Functional Definition of Progenitors Versus Mature Endothelial Cells Reveals Key SoxF-Dependent Differentiation Process

    loading  Checking for direct PDF access through Ovid

Abstract

Background:

During adult life, blood vessel formation is thought to occur via angiogenic processes involving branching from existing vessels. An alternate proposal suggests that neovessels form from endothelial progenitors able to assemble the intimal layers. We here aimed to define vessel-resident endothelial progenitors in vivo in a variety of tissues in physiological and pathological situations such as normal aorta, lungs, and wound healing, tumors, and placenta, as well.

Methods:

Based on protein expression levels of common endothelial markers using flow cytometry, 3 subpopulations of endothelial cells could be identified among VE-Cadherin+ and CD45– cells.

Results:

Lineage tracing by using Cdh5creERt2/Rosa-YFP reporter strategy demonstrated that the CD31–/loVEGFR2lo/intracellular endothelial population was indeed an endovascular progenitor (EVP) of an intermediate CD31intVEGFR2lo/intracellular transit amplifying (TA) and a definitive differentiated (D) CD31hiVEGFR2hi/extracellular population. EVP cells arose from vascular-resident beds that could not be transferred by bone marrow transplantation. Furthermore, EVP displayed progenitor-like status with a high proportion of cells in a quiescent cell cycle phase as assessed in wounds, tumors, and aorta. Only EVP cells and not TA and D cells had self-renewal capacity as demonstrated by colony-forming capacity in limiting dilution and by transplantation in Matrigel plugs in recipient mice. RNA sequencing revealed prominent gene expression differences between EVP and D cells. In particular, EVP cells highly expressed genes related to progenitor function including Sox9, Il33, Egfr, and Pdfgrα. Conversely, D cells highly expressed genes related to differentiated endothelium including Ets1&2, Gata2, Cd31, Vwf, and Notch. The RNA sequencing also pointed to an essential role of the Sox18 transcription factor. The role of SOX18 in the differentiation process was validated by using lineage-tracing experiments based on Sox18CreERt2/Rosa-YFP mice. Besides, in the absence of functional SOX18/SOXF, EVP progenitors were still present, but TA and D populations were significantly reduced.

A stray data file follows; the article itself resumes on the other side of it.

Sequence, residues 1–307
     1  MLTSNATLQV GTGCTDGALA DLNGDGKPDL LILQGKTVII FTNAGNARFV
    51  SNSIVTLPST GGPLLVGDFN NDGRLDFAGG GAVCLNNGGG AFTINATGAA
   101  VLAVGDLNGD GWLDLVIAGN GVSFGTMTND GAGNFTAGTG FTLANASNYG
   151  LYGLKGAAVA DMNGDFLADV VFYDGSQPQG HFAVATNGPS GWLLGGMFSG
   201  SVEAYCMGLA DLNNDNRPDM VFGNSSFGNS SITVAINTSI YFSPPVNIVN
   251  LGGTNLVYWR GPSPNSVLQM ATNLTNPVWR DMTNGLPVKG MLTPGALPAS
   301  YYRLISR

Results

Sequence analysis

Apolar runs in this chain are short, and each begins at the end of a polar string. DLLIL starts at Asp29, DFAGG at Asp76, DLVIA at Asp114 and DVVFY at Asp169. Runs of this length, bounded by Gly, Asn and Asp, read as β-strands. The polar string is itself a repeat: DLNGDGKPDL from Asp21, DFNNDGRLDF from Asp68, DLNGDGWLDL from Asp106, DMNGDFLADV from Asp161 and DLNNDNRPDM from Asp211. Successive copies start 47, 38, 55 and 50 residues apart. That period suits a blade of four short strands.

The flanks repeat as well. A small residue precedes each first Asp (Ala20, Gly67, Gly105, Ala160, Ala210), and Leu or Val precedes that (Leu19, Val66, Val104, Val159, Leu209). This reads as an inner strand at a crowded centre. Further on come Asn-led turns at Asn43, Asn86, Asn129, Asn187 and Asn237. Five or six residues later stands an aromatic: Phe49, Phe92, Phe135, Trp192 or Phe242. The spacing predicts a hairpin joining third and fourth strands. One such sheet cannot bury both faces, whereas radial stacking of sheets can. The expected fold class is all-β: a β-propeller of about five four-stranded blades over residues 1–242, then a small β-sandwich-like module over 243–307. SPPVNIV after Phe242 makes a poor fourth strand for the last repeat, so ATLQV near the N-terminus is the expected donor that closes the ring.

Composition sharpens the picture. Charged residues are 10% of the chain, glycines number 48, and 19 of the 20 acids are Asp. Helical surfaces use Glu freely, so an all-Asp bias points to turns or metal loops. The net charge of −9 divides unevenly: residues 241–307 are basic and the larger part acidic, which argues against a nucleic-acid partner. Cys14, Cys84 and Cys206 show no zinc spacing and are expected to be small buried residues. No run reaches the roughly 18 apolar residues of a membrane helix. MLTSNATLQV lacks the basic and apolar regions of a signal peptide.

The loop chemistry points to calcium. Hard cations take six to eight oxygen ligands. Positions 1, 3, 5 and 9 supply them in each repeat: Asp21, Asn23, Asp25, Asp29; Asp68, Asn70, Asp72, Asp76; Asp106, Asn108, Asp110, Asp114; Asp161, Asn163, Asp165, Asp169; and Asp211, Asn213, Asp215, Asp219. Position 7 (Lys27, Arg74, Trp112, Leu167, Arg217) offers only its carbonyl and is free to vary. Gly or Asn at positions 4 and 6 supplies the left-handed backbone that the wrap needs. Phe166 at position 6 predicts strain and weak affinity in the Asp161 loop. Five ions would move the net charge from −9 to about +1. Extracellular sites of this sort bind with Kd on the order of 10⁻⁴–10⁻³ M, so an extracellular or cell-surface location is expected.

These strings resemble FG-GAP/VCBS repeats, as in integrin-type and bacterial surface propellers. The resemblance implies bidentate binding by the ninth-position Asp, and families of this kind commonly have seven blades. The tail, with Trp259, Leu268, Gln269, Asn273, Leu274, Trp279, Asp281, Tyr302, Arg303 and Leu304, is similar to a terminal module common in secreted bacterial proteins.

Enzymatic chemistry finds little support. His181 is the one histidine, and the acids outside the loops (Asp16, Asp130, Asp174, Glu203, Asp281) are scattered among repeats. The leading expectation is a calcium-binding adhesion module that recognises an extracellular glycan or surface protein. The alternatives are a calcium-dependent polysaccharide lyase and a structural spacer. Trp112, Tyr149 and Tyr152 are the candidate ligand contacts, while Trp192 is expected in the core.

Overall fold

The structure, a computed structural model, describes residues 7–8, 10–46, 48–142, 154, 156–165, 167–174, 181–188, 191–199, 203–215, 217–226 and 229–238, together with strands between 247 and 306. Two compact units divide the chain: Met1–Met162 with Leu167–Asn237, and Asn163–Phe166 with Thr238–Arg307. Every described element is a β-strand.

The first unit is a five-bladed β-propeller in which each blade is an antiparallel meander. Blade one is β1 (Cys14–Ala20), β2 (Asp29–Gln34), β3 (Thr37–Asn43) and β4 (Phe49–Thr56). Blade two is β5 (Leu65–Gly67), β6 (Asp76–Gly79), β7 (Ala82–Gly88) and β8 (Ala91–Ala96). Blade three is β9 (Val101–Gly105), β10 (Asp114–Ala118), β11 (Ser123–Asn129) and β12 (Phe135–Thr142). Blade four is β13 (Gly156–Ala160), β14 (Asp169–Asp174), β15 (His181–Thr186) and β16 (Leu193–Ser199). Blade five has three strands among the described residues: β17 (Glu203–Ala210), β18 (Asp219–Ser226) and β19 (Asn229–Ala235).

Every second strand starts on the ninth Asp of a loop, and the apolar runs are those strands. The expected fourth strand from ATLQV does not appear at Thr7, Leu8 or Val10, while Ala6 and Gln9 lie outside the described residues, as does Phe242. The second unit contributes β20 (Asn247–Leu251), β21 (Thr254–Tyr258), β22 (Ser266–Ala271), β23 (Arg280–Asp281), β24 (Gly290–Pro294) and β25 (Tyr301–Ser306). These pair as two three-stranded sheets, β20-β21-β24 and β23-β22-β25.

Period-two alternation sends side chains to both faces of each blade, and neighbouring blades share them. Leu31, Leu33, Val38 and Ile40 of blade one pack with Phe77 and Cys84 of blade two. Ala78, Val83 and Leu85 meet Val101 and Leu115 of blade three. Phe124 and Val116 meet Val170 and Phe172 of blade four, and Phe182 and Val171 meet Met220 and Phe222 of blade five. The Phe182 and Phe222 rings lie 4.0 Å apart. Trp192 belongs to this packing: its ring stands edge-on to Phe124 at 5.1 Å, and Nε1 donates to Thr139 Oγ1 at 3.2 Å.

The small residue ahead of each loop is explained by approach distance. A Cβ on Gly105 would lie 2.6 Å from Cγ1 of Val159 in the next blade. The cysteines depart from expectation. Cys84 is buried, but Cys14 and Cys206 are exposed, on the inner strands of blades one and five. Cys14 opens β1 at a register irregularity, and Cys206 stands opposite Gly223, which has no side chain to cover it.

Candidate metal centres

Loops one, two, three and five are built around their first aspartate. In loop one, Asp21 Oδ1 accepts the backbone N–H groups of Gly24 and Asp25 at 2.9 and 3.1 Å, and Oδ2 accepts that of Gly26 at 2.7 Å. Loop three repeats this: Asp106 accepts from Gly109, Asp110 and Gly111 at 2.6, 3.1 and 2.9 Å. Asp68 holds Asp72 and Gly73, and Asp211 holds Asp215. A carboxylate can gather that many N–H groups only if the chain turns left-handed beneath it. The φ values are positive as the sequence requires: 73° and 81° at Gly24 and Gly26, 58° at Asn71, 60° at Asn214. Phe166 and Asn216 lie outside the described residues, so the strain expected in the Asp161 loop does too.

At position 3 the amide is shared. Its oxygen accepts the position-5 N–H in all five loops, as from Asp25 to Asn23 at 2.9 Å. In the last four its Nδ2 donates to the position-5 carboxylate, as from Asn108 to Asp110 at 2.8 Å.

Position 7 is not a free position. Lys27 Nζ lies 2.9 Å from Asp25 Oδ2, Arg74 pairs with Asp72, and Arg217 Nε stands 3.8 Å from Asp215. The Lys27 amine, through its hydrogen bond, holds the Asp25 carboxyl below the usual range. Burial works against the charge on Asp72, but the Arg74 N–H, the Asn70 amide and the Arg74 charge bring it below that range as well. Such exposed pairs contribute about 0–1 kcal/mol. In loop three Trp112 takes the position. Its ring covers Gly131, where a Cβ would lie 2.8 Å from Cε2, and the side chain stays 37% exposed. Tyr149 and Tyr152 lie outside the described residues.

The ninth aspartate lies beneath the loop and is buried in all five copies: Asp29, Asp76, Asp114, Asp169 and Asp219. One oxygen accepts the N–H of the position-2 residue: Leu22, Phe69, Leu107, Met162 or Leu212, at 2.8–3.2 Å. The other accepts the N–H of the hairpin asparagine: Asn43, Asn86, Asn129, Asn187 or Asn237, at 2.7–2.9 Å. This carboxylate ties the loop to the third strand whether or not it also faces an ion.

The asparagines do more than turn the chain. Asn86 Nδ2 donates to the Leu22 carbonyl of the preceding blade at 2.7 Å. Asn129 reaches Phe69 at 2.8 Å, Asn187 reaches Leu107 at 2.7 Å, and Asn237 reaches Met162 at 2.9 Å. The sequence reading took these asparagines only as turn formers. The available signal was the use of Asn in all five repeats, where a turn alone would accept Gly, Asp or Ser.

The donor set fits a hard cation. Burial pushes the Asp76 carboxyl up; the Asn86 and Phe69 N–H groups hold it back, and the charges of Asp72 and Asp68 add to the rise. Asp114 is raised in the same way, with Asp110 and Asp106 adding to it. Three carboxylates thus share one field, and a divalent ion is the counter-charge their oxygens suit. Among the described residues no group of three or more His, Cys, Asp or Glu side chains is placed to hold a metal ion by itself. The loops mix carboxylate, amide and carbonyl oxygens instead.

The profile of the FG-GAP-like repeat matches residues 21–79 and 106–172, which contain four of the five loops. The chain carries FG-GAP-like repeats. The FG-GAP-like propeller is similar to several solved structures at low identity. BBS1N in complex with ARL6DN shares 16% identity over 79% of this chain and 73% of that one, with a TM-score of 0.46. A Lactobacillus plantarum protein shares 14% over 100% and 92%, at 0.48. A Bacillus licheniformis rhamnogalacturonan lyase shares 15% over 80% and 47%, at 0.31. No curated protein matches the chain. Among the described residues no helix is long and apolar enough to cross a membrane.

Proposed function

Conclusions:

Our findings support an entirely novel endothelial hierarchy, from EVP to TA to D, as defined by self-renewal, differentiation, and molecular profiling of an endothelial progenitor. This paradigm shift in our understanding of vascular-resident endothelial progenitors in tissue regeneration opens new avenues for better understanding of cardiovascular biology.

Related Topics

    loading  Loading Related Articles